## Monday, December 16, 2013

### Figuring Worst-Case Unemployment

Part five in a series that starts here.

 Graph #1: Actual and Hypothetical Unemployment Source: Erceg and Levin, via John Taylor
By "worst-case" unemployment I don't mean the worst that one can possibly imagine. I mean the worst we can reasonably expect, based on estimates and projections made by BLS and other agencies engaged in that sort of thing.

Anyway, my intent here is not to tell another discouraging story. My intent is to look at one of the discouraging stories that's out there, so as to better understand it. So as to get a feel for the validity of that story, or the lack of validity.

To duplicate the worst-case unemployment graph I need to rework the Labor Force Participation Rate. Rather than letting it fall rapidly, as it has, I want it to fall slowly, as the November 2007 BLS projection anticipated. I'm trying to mimic the negligible decline of unemployment shown in the red line on Graph #1 here, and I think the BLS number will help me get there.

A plan finally came together in my head, an overview of what I want to do:

First, use the Labor Force Participation Rate and the 2007 BLS projection to come up with numbers showing how big the labor force was expected to be, before things fell apart. Call it the Hypothetical Labor Force Participation Rate.

Second, work backwards from there to get numbers for the Hypothetical Labor Force.

Third, subtract the number of employed people from the Hypothetical Labor Force, to get the hypothetical number of unemployed persons. Use this number to determine the Hypothetical Unemployment Rate.

That's the plan.

### Step One

I went back to FRED for quarterly data on the three series used to generate the graph for Friday's post:

• Civilian Labor Force (CLF16OV)
• Civilian Noninstitutional Population (CNP16OV)
• Civilian Labor Force Participation Rate (CIVPART)

The November 2007 BLS projection (which we looked at yesterday) predicted an annual growth rate of -0.1 percent for the 2006-2016 period. A very slight decline.

I figured a quarterly growth rate that would give an annual rate of -0.1 percent. Then I took the first quarter 2006 value and, starting from there, applied my quarterly growth rate to generate the numbers.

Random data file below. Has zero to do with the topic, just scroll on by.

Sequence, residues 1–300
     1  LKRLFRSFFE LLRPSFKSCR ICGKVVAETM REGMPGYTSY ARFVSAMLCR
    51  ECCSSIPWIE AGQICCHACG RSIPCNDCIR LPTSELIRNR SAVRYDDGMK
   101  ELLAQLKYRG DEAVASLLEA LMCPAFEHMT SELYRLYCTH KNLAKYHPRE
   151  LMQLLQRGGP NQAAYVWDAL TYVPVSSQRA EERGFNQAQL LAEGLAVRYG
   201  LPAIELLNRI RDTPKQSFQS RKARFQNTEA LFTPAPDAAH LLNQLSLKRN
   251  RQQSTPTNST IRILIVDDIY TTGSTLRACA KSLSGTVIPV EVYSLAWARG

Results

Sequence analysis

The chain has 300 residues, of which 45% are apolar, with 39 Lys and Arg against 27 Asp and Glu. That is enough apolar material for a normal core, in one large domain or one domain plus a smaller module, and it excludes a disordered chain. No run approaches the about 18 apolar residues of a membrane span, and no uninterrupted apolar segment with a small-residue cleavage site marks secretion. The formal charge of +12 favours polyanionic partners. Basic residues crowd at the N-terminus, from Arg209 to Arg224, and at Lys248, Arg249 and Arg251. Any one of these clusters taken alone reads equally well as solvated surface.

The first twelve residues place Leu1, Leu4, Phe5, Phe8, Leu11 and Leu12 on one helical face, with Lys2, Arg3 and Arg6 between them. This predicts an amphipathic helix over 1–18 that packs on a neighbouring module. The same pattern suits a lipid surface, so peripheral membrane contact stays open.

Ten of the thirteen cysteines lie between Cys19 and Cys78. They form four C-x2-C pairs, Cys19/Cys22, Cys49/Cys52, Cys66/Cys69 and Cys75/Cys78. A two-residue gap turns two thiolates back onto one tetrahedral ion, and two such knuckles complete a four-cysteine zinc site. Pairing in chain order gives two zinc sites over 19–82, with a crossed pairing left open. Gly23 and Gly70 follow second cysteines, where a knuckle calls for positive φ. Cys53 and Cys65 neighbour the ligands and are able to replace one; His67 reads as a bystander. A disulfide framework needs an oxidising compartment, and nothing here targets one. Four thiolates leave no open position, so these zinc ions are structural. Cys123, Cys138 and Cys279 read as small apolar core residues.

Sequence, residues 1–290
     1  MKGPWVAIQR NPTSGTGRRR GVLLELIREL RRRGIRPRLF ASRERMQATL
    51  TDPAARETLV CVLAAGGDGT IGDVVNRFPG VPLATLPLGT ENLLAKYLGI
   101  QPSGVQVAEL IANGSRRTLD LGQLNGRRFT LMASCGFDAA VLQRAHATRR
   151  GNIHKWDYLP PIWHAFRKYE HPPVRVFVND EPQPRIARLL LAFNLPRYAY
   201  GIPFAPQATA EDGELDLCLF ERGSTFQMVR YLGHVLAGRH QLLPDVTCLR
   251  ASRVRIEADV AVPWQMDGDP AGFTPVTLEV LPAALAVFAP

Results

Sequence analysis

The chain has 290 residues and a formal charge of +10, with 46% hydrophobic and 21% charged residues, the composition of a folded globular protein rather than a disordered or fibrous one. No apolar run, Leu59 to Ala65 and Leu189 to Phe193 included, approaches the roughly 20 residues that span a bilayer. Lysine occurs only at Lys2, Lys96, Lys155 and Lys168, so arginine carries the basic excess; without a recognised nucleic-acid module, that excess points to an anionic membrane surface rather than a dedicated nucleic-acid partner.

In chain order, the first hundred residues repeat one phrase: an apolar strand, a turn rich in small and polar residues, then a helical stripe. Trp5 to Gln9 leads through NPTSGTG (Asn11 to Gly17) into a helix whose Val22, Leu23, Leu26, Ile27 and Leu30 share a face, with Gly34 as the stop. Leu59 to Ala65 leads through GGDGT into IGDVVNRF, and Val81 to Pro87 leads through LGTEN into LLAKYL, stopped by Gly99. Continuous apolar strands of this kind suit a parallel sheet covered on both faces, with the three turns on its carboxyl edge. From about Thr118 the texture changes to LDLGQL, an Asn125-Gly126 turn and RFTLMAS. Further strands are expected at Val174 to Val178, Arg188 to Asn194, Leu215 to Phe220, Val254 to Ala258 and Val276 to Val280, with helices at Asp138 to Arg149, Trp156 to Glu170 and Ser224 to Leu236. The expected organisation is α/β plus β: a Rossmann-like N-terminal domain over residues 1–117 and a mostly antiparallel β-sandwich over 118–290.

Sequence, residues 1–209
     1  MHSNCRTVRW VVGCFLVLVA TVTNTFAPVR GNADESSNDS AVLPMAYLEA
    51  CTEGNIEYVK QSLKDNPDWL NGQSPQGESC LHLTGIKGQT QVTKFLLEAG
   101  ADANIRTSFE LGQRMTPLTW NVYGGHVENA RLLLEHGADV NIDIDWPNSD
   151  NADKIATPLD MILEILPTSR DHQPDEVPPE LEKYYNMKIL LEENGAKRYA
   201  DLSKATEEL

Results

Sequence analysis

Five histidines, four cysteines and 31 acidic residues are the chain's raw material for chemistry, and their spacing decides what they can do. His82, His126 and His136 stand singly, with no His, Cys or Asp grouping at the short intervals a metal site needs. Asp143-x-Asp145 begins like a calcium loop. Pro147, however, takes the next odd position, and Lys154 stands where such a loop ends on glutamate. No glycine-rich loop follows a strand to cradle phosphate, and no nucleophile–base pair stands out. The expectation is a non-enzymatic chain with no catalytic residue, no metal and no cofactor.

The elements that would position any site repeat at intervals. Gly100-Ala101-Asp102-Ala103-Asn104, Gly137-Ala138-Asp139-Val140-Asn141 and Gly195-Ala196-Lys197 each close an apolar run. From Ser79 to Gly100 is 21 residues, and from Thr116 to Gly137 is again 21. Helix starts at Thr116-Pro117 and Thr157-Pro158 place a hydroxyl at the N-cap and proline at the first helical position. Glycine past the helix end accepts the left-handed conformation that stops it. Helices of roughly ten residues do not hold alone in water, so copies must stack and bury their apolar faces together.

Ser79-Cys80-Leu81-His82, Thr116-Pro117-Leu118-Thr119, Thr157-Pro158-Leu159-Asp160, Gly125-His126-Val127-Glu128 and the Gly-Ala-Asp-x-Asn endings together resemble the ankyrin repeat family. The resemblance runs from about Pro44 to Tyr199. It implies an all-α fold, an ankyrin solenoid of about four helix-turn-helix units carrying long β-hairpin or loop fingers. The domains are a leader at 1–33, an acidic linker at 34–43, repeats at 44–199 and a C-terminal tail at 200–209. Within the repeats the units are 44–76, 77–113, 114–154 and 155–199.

Checking my work: BLS projected a participation rate number of 65.5% for 2016. I got 65.43% for first quarter 2016, 65.38% for fourth quarter. So I tweaked my quarterly growth rate to get the same 65.5% number that BLS got. I'm calling this number the Hypothetical Labor Force Participation Rate.

Check my work.

### Step Two

To figure the Labor Force Participation Rate (LFPR) you take the Civilian Labor Force (CLF) as a percent of the Civilian Noninstitutional Population (CNP):

You can rearrange that formula to see CLF in terms of population and participation rate:

Now I just use the Hypothetical Labor Force Participation Rate in place of the official version. The hypothetical is a significantly higher number, so it produces a significantly higher Civilian Labor Force. I am calling this number the Hypothetical Civilian Labor Force.

Check my work.

### Step Three

Okay. Now I need some more data. I need the number of people employed, so I can calculate the Hypothetical Number of Unemployed Persons. Then, using that number and the Hypothetical Labor Force I can figure the Hypothetical Unemployment Rate. And I will need the official unemployment rate, for comparison to the hypothetical number. These are numbers we looked at on Saturday.

I went back to FRED for the relevant numbers, quarterlies, and put 'em in a new spreadsheet along with my Step Two results.

The number of people in the labor force, less the number working, is the number of people out of work. Or in this case, the Hypothetical Labor Force less the number Employed equals the number of Hypothetical Unemployed.

And then, the number of Hypothetical Unemployed, as a percent of the Hypothetical Labor Force, equals the Hypothetical Unemployment Rate.

 Graph #2 Check my work

I think I duplicated their graph!